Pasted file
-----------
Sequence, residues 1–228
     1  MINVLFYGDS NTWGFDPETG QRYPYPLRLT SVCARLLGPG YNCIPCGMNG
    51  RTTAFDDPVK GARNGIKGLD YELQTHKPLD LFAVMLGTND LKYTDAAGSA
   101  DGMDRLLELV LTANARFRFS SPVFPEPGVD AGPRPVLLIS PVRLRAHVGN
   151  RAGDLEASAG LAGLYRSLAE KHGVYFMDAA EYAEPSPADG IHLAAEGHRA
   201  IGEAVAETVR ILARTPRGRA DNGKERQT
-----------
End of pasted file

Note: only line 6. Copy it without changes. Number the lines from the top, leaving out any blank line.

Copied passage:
   201  IGEAVAETVR ILARTPRGRA DNGKERQT